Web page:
Less dense packing of molecules in frozen liquids confined to cylindrical glass pores was observed to depend on pore size. This conclusion was derived by monitoring the rotational tunneling of methyl protons, which reside on studied molecules, with nuclear magnetic resonance. For example, the tunneling frequency of dimethyl sulfide and propionic acid at 10 K was observed to be larger in pores than in bulk. This is interpreted as being due to a decrease in the hindering potential. In another type of tunneling spectrum which is due to methyl-methyl interaction, observed in acetyl acetone at 10 K, the splitting decreases as the pores become smaller. It is demonstrated that in both types of materials the shifts of the methyl tunneling splittings in pores are the result of the reduced intermolecular interaction in the pore core region. This in turn indicates that the unit cell size of liquids frozen in nanopores is slightly increased. The increase is largest in smallest pores.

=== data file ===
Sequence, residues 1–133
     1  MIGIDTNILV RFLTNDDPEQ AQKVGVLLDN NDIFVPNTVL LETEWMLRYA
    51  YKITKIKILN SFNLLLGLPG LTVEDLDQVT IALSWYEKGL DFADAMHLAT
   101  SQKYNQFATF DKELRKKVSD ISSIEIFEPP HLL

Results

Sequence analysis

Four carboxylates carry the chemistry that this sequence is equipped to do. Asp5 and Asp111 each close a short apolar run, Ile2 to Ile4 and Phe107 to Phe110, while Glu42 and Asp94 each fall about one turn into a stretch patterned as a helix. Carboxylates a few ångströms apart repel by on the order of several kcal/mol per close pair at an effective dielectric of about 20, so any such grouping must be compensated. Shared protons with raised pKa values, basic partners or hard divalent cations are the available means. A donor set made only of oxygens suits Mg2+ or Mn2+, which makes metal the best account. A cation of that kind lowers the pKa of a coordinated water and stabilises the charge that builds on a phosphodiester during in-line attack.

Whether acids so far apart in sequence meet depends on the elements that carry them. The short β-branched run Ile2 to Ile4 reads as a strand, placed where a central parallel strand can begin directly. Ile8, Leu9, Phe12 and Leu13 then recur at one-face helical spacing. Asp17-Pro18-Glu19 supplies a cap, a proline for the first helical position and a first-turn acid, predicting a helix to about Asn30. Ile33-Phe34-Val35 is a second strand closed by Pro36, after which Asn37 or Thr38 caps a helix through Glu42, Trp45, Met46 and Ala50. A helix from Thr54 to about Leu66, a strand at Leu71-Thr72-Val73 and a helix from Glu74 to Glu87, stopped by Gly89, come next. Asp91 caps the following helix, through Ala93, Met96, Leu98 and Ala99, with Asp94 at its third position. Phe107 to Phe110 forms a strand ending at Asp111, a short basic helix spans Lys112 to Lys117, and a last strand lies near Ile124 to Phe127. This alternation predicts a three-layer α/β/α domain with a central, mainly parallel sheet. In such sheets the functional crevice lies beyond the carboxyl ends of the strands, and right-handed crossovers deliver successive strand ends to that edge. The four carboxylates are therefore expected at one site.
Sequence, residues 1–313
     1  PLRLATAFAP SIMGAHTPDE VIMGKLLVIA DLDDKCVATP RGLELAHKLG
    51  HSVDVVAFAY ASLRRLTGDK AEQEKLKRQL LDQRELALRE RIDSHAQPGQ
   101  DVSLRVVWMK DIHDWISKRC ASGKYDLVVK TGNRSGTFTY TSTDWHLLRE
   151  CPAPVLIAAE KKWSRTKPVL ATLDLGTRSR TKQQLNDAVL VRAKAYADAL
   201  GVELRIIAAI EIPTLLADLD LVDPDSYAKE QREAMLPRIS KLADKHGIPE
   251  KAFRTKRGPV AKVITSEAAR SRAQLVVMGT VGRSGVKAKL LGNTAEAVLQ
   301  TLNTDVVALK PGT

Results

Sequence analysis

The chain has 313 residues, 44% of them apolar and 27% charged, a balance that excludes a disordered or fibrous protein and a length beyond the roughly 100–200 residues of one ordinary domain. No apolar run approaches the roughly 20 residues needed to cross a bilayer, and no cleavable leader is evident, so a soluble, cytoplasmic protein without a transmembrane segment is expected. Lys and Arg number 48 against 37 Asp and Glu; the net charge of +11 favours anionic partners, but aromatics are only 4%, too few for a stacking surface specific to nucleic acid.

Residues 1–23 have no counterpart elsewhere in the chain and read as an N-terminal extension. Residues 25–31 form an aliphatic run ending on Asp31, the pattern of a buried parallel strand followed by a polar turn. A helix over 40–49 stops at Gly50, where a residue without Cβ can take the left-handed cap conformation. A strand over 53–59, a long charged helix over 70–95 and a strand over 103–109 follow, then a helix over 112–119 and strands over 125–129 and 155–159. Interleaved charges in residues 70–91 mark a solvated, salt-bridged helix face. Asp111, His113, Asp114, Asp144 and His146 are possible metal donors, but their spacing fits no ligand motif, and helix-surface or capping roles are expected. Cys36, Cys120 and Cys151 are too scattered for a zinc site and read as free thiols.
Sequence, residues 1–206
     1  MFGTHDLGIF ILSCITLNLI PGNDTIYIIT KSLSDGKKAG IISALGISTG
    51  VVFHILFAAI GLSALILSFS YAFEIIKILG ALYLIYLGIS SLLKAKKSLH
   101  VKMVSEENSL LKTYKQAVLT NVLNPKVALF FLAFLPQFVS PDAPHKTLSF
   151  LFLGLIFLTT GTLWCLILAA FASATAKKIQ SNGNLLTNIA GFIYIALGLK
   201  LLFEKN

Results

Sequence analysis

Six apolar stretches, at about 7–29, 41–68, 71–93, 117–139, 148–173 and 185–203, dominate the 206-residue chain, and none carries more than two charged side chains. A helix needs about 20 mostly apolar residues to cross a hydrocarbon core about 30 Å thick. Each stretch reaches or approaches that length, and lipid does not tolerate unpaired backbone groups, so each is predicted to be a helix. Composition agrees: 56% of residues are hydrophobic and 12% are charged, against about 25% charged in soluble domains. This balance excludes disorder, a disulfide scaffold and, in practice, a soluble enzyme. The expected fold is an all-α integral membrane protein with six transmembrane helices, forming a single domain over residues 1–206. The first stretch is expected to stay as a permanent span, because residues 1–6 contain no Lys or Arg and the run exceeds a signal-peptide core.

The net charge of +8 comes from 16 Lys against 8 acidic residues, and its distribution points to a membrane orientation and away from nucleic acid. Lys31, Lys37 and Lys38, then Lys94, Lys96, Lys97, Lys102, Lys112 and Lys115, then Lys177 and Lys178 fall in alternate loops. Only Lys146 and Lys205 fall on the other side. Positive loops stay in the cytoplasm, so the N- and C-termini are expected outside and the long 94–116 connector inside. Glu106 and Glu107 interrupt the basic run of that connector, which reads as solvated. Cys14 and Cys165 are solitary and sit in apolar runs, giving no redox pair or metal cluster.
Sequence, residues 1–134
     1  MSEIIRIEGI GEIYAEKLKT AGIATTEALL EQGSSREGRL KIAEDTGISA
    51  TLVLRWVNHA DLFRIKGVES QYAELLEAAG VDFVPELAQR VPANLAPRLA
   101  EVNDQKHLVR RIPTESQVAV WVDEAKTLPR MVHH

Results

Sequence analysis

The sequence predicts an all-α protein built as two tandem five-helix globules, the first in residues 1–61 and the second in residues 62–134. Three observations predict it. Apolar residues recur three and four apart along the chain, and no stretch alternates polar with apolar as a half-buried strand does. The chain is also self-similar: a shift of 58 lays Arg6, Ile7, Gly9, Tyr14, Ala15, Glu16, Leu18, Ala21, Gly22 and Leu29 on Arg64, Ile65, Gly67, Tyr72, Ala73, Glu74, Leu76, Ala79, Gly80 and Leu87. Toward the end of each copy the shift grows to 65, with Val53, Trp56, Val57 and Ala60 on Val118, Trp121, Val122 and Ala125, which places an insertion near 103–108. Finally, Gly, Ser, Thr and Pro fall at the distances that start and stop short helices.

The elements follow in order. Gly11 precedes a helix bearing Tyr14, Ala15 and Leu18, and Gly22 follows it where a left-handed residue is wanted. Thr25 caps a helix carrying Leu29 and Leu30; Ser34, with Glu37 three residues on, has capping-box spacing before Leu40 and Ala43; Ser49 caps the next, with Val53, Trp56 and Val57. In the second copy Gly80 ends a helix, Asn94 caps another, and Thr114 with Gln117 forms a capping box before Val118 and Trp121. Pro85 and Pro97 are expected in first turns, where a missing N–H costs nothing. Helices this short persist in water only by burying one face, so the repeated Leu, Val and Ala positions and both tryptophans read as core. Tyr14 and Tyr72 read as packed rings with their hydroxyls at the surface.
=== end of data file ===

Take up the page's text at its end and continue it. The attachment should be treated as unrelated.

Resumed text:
ASJC Scopus subject areas
- General Physics and Astronomy
- Physical and Theoretical Chemistry